I don't think I have ever used a profiler on my own code. The reasons are simple: I don't write much that is very complicated, so any bottlenecks are usually rather easy to spot. Most of what I do is ad hoc and limited use anyway, so speed is seldom a consideration.
However, earlier this week I briefly considered getting involved in a large project that involved an interesting mix of shell scripts, Perl, C and ancient
Filepro. The work would have been to help improve performance across all those varying scripts and programs. It sounded very interesting.
I started looking around for Perl profilers and I came across Devel::NYTProf. There are surely other similar tools, but my brief look at this convinced me that if I were going to be doing Perl performance hacking, this would be something good to have.
A test spin of NYTProf
I ran this against a short script I use here at this site. The script doesn't
need any speed improvement, so this is just to showcase the features.
After installing NYTProf with CPAN, I ran "perl -d:NYTProf" followed by my program name and its arguments. I then ran "nytprofhtml --open" and was presented with this screen (click to enlarge):
By the way, this is all fairly complicated stuff. I had some difficulty just finding the documentation and I don't know what all of this means. The "Calls" column is obvious. The docs explain the times columns:
Overall subroutine times are reported with a headline like spent 10s (2+8) within .... In this example, 10 seconds were spent inside the subroutine (the "inclusive time") and, of that, 8 seconds were spent in subroutines called by this one. That leaves 2 seconds as the time spent in the subroutine code itself (the "exclusive time", sometimes also called the "self time").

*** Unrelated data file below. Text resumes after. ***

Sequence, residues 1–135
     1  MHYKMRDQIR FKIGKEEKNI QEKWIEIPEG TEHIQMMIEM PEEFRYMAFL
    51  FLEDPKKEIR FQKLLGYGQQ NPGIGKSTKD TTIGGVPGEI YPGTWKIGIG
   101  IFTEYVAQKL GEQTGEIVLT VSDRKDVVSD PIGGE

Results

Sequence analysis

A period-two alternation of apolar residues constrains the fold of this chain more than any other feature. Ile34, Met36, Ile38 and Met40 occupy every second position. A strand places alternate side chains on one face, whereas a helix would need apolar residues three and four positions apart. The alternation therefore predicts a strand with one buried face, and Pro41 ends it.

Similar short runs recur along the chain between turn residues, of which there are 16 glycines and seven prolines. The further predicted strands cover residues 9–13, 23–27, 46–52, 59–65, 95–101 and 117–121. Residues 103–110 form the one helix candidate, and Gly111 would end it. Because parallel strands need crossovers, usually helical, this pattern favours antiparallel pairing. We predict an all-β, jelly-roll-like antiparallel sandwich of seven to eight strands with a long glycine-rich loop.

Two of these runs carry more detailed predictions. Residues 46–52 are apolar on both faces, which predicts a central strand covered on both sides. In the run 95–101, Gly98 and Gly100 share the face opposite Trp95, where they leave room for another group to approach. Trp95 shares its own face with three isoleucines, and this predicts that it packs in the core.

I don't know what the "P" and "F" columns are, though.
We obviously have value here: right away we know which subroutines see heavy use. The first is "sleep", and as that is deliberate and needed in this script, I can ignore that. The "system" calls are unavoidable also, as are the "readline". I do tend to overuse Perl "match" (=~ and the like), often doing that when equality would be perfectly fine, so if I were looking for performance boosts, I might drill into that, but let's ignore those, skip right by BEGIN ( not much I can do about that) and look at "shuffle".
"shuffle" is a routine that randomizes an array. I didn't write it; I cribbed it from somewhere, and I don't think I could improve it, but it helps show off NYTProf's features, so we'll use that.
This has drilled into the actual subroutine. Notice that the commentary shows what called this. That's important, because different arguments affect speed. NYTprof lets you find the performance for each invocation.
You can look at the performance of individual lines, blocks (loops, etc.) or overall.
This is all so much fun that I almost wish I needed to improve this script!
There'd be plenty of opportunity at that project, right? Well, no. I ultimately turned down the work. As I started looking at a relatively simple shell script that needed some enhancements, I realized that I'm just too old and too tired for that kind of work. I was finding the shell script hard to understand and I realized that there was worse to come, so I bowed out, with regret - regret that I couldn't help someone who really needed it and regret for the lost potential income. Reality is what reality is, though: I am not able to take on something like that at this point in my life.
Still, I got to see what NYTProf has to offer and to share it with you, so that has value.